Although untouchability was outlawed in 1947, the repercussions of being discriminated by so-called upper castes over centuries are far reaching. Discrimination is still practiced in many parts of the Indian society, segregating Dalits from the rest of the population in everyday activities of eating, entering places of worship and even homes of so-called upper caste Hindus.
A large share of the Dalit population has been reported to be living below the poverty line. Despite reservations granted by the constitution to enable equal opportunity, belonging to the Scheduled Castes and Scheduled Tribes has become a political identity over the decades of independent India. The rise of Hindutva (Hindu nationalism) has led Dalits to convert to Islam, Buddhism or Christianity for better opportunities in education and securing jobs.
Elections in India is almost synonymous with vote bank or voting blocs from a single community, often based on caste and religion. Dalits make up a chunk of that vote bank and it directly impacts the formation of governments, either because of voting or because of the need for coalition from multiple parties. In the largest populated state, Uttar Pradesh, the leader of the Dalit-led Bahujan Samaj Party, Mayawati served as chief minister multiple times. In 1997, K.R. Narayan served as president of the country and was a Dalit.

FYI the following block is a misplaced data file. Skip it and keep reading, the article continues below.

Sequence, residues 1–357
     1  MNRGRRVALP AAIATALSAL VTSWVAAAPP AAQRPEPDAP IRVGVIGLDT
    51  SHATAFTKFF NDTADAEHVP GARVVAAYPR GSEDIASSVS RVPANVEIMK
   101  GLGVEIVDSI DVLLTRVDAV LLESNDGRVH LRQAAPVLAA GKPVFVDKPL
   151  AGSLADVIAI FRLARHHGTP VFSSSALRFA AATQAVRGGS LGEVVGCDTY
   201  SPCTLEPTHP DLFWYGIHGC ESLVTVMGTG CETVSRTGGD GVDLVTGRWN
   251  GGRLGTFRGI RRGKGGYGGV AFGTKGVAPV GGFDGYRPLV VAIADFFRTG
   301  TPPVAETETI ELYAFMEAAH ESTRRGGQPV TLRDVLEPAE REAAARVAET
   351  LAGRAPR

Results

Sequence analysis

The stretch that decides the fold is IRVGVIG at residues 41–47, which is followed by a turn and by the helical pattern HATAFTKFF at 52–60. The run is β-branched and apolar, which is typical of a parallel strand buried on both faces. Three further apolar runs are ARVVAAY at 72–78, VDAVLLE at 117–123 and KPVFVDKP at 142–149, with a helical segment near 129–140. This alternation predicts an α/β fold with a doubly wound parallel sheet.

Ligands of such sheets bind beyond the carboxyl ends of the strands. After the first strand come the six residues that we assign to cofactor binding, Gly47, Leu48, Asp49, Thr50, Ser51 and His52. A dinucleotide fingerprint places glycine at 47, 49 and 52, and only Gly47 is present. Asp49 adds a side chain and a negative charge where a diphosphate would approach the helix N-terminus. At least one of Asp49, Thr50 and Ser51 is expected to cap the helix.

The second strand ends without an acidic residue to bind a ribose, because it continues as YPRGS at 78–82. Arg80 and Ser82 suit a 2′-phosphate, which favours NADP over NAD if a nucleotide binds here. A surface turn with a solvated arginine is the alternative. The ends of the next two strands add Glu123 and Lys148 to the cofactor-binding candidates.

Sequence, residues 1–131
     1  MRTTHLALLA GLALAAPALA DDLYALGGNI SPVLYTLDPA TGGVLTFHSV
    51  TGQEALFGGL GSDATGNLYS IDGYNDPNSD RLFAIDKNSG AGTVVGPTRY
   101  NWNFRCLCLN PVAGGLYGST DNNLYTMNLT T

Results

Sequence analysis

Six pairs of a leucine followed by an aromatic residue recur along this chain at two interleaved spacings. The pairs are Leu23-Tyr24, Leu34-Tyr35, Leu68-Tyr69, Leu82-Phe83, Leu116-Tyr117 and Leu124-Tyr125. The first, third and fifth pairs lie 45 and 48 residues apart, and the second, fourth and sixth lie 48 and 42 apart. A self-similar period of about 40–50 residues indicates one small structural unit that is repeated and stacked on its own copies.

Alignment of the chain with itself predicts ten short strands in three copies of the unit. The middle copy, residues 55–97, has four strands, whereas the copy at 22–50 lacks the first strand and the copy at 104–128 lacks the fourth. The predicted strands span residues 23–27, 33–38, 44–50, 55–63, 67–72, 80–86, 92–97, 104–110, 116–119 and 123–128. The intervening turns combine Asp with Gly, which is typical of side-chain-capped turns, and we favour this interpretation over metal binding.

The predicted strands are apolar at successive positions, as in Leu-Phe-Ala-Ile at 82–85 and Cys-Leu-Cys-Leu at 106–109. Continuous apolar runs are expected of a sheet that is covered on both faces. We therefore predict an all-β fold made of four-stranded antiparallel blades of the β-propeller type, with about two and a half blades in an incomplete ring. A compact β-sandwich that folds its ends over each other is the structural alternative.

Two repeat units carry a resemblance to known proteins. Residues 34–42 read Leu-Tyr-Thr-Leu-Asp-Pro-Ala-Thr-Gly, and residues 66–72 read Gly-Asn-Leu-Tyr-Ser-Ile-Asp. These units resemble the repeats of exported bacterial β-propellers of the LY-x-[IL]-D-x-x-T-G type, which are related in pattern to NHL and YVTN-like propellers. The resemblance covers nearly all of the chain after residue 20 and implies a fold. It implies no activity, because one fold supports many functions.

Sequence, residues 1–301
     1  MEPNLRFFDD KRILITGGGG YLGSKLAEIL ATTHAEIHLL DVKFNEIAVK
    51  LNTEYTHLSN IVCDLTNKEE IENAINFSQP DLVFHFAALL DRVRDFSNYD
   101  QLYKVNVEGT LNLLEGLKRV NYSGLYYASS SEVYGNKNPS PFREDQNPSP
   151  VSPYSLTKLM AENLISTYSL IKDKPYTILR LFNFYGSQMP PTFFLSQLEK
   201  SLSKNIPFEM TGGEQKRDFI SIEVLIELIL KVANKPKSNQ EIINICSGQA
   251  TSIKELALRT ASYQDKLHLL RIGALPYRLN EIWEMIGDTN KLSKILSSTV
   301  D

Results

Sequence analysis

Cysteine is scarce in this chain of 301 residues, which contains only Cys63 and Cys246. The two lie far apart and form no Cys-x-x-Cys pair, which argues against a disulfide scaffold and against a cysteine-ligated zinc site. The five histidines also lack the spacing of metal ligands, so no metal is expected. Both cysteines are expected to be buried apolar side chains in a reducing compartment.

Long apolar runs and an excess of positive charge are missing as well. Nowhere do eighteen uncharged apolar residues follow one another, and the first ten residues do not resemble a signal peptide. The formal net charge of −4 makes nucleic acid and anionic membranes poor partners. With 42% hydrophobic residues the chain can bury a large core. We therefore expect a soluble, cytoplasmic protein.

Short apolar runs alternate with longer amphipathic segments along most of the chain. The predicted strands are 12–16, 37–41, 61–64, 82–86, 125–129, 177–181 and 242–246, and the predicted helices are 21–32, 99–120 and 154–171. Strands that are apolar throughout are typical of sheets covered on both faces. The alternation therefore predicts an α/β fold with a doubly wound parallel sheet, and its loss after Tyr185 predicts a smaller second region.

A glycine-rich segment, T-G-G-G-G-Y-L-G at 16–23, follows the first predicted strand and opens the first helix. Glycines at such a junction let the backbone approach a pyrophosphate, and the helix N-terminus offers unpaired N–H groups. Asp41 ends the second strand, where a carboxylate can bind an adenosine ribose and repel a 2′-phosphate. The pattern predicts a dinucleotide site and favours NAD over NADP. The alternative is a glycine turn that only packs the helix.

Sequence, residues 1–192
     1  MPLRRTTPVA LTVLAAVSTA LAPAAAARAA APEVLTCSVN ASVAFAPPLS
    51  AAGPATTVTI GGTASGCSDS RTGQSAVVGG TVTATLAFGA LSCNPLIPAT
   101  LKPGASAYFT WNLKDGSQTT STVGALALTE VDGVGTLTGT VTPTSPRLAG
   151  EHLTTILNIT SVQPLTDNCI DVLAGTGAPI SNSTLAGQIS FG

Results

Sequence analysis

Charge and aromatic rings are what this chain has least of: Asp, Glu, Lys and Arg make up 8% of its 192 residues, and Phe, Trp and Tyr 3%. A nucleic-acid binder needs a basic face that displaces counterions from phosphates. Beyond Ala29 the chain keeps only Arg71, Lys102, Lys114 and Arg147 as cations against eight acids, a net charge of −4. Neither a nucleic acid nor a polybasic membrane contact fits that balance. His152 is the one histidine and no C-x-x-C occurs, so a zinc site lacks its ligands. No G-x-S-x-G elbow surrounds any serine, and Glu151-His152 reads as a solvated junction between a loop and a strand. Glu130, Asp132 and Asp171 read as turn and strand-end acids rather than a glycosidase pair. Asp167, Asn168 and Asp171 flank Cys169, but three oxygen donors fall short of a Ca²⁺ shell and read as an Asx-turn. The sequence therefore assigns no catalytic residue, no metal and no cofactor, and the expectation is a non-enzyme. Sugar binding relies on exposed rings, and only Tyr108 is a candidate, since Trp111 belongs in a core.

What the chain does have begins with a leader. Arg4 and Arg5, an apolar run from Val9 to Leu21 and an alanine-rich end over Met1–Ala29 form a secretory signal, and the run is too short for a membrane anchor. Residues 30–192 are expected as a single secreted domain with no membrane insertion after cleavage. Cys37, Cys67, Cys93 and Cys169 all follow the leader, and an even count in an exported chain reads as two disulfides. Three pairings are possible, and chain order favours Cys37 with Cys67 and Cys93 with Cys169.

Adivasis (literally meaning original inhabitants of a region in Sanskrit) or Scheduled Tribes are indigenous, ethnic minorities across the sub-continent are also eligible for reservations in education and employment. They do not belong to any religion, and mainly follow Animism. The smaller tribal groups across the east and central-western belt of the country are highly susceptible to easy displacement because of urbanization.